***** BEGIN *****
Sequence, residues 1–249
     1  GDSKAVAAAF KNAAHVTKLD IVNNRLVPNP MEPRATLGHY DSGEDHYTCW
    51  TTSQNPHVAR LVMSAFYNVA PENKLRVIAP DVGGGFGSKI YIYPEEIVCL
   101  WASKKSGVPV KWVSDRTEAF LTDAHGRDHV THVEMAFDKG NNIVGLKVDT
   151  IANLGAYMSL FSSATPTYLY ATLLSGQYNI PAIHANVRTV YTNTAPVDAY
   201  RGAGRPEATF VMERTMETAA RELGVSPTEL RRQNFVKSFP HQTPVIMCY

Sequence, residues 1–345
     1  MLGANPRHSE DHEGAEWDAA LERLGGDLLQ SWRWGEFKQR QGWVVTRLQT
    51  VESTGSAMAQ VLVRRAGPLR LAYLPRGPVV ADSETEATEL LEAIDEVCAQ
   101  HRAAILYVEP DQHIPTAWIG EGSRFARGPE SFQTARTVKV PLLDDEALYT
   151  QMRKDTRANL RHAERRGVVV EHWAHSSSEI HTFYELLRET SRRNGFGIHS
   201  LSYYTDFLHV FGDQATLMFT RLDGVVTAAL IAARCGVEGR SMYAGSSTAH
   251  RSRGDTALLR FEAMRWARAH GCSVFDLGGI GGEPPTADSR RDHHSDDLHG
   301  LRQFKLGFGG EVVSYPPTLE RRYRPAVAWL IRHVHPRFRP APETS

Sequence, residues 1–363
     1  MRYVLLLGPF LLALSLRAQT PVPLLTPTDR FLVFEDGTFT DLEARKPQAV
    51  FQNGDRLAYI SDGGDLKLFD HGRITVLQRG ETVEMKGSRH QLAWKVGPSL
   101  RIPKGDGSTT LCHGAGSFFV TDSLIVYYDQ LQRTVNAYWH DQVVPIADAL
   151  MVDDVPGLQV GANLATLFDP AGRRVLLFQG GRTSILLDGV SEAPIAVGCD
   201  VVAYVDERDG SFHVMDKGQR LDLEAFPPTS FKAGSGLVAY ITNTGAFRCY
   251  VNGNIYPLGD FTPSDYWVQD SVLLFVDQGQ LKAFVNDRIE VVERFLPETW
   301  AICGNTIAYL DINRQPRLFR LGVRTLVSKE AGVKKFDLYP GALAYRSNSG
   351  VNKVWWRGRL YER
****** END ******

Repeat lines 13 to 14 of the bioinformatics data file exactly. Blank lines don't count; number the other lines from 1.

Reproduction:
   251  RSRGDTALLR FEAMRWARAH GCSVFDLGGI GGEPPTADSR RDHHSDDLHG
   301  LRQFKLGFGG EVVSYPPTLE RRYRPAVAWL IRHVHPRFRP APETS